Friday, August 12, 2005

Global Warming

One of the arguments frequently used against global warming was that weather balloon data showed slight cooling in the troposphere (the lowest level of the atmosphere), especially in the tropics. Three new studies, appearing in Science, show that when errors in the data and calculations are taken into account, the weather balloon data actually shows a warming trend, in conformity with computer models.

“These papers should lay to rest once and for all the claims by John Christy and other global warming skeptics that a disagreement between tropospheric and surface temperature trends means that there are problems with surface temperature records or with climate models,” said Alan Robock, a meteorologist at Rutgers University.

The findings will be featured in a report on temperature trends in the lower atmosphere that is the first product to emerge from the Bush administration's 10-year program intended to resolve uncertainties in climate science.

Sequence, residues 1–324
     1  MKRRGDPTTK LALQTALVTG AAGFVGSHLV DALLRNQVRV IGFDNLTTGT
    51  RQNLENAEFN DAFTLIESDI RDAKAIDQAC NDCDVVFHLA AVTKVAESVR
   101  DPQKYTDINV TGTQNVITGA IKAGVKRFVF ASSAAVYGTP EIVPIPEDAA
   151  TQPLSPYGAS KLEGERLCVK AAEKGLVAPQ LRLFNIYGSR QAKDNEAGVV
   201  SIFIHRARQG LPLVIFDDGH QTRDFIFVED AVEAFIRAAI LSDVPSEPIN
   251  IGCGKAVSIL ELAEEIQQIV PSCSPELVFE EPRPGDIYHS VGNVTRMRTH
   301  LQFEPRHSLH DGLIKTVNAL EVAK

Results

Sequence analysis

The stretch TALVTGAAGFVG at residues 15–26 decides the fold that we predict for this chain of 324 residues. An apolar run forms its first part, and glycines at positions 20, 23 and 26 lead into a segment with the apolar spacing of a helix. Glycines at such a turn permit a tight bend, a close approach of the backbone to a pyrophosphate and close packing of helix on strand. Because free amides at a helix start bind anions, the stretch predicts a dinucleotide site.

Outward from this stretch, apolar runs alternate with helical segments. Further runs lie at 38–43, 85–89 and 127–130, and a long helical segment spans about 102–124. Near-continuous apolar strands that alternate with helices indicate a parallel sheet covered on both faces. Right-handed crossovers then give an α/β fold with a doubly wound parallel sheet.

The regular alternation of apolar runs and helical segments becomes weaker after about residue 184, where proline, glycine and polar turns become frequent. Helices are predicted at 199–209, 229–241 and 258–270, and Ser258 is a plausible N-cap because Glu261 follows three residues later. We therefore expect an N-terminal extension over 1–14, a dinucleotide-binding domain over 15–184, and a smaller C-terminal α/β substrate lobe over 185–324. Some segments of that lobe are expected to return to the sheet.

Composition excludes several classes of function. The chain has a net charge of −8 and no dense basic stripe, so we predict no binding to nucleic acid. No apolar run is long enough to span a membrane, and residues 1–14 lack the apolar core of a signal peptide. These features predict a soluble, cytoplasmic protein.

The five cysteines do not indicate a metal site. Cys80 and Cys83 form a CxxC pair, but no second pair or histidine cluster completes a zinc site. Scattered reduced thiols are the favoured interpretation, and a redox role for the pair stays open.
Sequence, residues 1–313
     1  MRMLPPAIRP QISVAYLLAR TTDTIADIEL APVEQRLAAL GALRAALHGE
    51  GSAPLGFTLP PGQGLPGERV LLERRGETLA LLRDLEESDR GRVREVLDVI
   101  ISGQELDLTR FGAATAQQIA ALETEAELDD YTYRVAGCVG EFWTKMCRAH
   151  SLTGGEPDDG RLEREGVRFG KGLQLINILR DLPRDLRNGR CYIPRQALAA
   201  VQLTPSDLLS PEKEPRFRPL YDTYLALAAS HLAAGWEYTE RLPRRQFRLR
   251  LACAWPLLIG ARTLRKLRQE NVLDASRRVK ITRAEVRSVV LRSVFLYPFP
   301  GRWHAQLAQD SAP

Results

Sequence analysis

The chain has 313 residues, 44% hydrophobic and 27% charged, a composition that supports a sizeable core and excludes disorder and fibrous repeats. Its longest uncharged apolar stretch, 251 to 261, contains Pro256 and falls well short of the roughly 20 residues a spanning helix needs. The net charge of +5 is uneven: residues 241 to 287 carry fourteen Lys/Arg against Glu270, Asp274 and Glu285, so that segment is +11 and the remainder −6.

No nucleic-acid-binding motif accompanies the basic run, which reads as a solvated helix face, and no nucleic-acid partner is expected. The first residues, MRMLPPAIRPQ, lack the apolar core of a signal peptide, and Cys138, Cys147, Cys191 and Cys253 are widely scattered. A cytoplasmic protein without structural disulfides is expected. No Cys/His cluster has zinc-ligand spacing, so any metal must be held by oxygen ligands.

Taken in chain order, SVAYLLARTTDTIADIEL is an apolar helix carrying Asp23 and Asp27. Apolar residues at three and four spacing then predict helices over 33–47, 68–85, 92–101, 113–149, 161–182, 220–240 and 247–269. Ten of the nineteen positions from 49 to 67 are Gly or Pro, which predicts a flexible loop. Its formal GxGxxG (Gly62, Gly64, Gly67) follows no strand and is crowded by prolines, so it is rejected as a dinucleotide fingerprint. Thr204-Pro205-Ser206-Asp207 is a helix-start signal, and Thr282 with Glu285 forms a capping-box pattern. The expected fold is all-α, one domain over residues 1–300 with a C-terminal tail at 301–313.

While this vindicates global warming research, it remains unclear what practical effects it will have. The current administration seems as stubbornly committed as ever to ignoring the evidence of global warming, which has been public for more than a decade. Just this summer, aCongressional committee began harrassing some reasearchers, a move cheered by right-wing sycophants. As long as the political climate remains in its current state, I see little hope for any large-scale change on the global warming front.